World Prehistory: In New Perspective

World Prehistory: In New Perspective

Paperback In New Perspective

By (author) Grahame Clark

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  • Publisher: CAMBRIDGE UNIVERSITY PRESS
  • Format: Paperback | 576 pages
  • Dimensions: 171mm x 246mm x 28mm | 1,107g
  • Publication date: 1 March 1978
  • Publication City/Country: Cambridge
  • ISBN 10: 052129178X
  • ISBN 13: 9780521291781
  • Edition: 3, Revised
  • Edition statement: 3rd Revised edition
  • Illustrations note: illustrations, maps, plans, bibliography, index

Product description

'To qualify as human, a hominid has, so to say, to justify himself by works: the criteria are no longer biological so much as cultural'. In this 1977 book, Professor Grahame Clark goes on to trace the origins and development of human culture, in all its diversity, throughout the world. He follows the intellectual, material and social progress of mankind in each major region, from the earliest stone industries of two million years ago to the gradual and still incomplete attainment of literacy over the last five thousand years. He takes full account of peoples still preliterate when encountered in recent times by anthropologists as well as of those which nourished the great historic civilizations of mankind. Throughout he emphasizes the close relationship between environment and the character and speed of cultural development. The narrative is generously illustrated with photographs, drawings and maps, and there is a carefully selected list of references to the main sources used.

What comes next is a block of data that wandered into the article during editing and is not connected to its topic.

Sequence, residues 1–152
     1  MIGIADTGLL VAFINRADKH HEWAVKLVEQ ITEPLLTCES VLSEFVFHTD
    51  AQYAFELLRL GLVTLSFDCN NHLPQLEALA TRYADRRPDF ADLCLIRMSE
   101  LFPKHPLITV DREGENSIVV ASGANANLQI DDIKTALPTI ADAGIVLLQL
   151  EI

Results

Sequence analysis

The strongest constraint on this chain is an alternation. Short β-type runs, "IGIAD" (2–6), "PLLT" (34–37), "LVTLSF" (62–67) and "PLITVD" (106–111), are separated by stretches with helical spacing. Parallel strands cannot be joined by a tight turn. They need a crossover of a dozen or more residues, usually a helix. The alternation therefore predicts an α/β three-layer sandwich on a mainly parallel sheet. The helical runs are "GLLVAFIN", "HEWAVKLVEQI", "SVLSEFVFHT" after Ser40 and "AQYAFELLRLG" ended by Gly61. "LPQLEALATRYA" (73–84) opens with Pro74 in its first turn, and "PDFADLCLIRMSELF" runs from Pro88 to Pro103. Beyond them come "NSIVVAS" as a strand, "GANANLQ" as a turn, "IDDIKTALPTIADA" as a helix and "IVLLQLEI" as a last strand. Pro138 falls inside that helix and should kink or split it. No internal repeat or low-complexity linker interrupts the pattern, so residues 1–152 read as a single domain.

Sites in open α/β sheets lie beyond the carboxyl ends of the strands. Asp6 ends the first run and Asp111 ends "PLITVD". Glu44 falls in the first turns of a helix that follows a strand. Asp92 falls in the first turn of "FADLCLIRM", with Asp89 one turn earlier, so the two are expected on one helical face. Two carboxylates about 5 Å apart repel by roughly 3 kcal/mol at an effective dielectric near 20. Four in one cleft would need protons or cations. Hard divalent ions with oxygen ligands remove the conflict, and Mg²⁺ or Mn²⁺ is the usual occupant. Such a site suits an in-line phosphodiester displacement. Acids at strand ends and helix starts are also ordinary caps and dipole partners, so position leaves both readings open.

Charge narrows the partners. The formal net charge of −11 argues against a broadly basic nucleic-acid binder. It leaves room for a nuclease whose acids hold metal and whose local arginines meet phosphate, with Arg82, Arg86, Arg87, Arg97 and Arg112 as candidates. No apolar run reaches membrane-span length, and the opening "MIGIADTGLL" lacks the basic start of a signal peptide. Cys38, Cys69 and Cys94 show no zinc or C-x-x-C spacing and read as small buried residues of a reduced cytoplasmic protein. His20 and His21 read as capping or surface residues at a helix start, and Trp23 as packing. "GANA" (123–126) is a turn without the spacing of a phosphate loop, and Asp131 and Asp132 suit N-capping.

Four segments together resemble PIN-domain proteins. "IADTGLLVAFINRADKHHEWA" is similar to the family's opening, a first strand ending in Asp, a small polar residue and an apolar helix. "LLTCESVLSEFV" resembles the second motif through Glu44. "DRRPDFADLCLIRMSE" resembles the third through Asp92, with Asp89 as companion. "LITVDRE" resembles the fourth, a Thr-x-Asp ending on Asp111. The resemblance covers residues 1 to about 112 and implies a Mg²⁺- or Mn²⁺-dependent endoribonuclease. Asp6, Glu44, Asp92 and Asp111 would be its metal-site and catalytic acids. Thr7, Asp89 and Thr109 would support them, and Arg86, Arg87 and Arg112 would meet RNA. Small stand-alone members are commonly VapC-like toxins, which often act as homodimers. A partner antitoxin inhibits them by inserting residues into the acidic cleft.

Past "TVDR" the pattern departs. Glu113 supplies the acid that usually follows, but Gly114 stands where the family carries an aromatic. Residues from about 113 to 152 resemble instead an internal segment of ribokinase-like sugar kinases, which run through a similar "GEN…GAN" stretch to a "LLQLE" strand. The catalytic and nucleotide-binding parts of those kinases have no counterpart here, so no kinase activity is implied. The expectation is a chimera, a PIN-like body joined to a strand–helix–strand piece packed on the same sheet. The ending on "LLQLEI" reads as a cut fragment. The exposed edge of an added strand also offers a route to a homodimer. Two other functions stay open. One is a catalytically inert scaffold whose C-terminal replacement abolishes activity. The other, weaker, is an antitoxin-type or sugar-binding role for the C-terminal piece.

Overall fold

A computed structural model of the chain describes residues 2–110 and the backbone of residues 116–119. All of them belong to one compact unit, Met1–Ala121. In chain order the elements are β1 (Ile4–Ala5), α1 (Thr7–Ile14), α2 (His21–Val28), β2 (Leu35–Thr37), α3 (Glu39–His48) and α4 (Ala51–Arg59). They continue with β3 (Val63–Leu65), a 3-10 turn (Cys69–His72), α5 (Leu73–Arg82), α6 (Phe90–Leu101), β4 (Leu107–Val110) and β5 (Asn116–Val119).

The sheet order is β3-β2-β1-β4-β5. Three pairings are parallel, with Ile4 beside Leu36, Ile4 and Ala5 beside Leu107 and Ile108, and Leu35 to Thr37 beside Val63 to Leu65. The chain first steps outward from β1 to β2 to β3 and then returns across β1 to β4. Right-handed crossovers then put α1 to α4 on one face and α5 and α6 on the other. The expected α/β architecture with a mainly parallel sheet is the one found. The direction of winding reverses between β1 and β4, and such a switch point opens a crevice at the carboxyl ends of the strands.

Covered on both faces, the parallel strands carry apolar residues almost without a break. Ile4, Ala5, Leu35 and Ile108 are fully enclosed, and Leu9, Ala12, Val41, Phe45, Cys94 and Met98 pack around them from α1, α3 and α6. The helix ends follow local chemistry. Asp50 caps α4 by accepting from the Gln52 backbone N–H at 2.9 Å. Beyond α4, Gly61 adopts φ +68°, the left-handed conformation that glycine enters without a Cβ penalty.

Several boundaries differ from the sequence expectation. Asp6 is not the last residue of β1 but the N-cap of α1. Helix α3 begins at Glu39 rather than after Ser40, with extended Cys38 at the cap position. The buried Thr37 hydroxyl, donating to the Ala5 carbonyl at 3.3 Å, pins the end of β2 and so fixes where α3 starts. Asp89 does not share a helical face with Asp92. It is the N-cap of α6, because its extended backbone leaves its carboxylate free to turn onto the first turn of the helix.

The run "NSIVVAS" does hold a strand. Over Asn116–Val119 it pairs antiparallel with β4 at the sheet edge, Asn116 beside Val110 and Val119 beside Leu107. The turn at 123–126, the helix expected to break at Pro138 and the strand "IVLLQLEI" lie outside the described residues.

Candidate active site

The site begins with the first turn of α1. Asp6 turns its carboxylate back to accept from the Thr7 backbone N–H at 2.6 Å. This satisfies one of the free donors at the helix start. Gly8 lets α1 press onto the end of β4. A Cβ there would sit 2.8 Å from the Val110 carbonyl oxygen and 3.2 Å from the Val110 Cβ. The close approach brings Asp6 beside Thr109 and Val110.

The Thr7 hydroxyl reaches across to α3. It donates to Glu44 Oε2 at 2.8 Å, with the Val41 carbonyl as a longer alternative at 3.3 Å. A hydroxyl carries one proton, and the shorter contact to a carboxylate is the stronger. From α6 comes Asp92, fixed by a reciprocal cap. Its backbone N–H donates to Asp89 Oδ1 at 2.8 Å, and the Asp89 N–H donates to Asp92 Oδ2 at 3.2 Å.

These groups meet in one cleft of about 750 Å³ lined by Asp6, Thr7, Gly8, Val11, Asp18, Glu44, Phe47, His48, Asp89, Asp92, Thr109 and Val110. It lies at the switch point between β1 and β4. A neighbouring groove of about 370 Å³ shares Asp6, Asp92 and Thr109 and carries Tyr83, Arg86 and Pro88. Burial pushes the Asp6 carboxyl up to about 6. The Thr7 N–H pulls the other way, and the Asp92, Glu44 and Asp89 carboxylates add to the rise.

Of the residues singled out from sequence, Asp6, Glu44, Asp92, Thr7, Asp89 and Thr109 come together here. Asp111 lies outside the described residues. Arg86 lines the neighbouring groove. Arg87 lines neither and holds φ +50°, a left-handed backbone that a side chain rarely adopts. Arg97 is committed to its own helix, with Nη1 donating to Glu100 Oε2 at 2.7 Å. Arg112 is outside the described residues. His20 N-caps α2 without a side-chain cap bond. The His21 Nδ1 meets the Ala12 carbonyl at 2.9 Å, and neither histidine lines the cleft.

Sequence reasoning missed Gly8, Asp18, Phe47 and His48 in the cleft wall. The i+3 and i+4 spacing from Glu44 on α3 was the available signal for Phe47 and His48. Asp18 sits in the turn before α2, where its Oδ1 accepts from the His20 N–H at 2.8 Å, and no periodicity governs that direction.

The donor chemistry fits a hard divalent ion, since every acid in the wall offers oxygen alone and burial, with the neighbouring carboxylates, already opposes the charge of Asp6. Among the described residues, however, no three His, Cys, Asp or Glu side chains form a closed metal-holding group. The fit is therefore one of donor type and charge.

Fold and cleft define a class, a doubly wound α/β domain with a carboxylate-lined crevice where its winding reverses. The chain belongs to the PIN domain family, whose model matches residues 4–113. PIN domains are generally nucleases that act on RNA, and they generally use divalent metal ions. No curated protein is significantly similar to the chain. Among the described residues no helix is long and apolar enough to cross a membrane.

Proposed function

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Review quote

'... there can be no doubt that for the student or general reader who needs an overview of world prehistory this is essential reading.' Geography 'It is amazing how much information, and how many ideas, Professor Clark managed to pack into this book. Nothing of importance seems to have been omitted ... Similarly there are few prehistorians who could have written such a wide-ranging survey and yet have fallen into so few errors ... Taken as a whole, World Prehistory is the most up-to-date survey not only of world prehistory as a whole but of the individual areas with which it is concerned.' The Times Literary Supplement

Table of contents

List of tables, Acknowledgements, Preface; Part I. Early Prehistory: 1. Evolution of man as an organism; 2. Environmental change; 3. Palaeolithic hunters and foragers; Part II. Beginnings of Civilization in South-West Asia: 4. Background; 5. The transition: 9000-6000 BC; 6. Neolithic/Charcolithic settlement; 7. Emergence of civilization in south Mesopotamia; 8. Civilizations of the Highlands; Part III. Foundations of European Civilization: The Stone Age: 9. Upper Palaeolithic hunters and artists; 10. Mesolithic hunter-fishers; 11. Late Stone Age farmers; 12. Farmers and hunter-fishers; Part IV. Europe: From Metallurgy to Civilization: 13. Early metallurgy; 14. Minoan-Mycenaean civilization; 15. The Bronze Age in temperate Europe; 16. Antecedents of classical Greece; 17. The barbarian world in the pre-roman Iron Age; 18. Antecendents and expansion of Roman civilization; 19. The Iron Age in northern Europe; 20. Christianity and the end of European prehistory; Part V. The African Achievement: 21. The Stone Age; 22. Ancient Egyptian civilization; 23. The opening up of sub-Saharan Africa; Part VI. The Indian Sub-Continent: 24. Early prehistory; 25. Later prehistory; 26. Protohistory; Part VII. East Asia: 27. China; 28. Japan; 29. South-east Asia; Part VIII. North and Middle America: 30. Late Pleistocene settlement; 31. Middle American sequence; Part IX. North America: 32. Temperate zone; 33. Arctic zone; Part X. South America: 34. The first settlers: Andean zone; 35. Intermediate zone: marginal territories; Part XI. Australia and Oceania: 36. Australia; 37. Oceania; Index.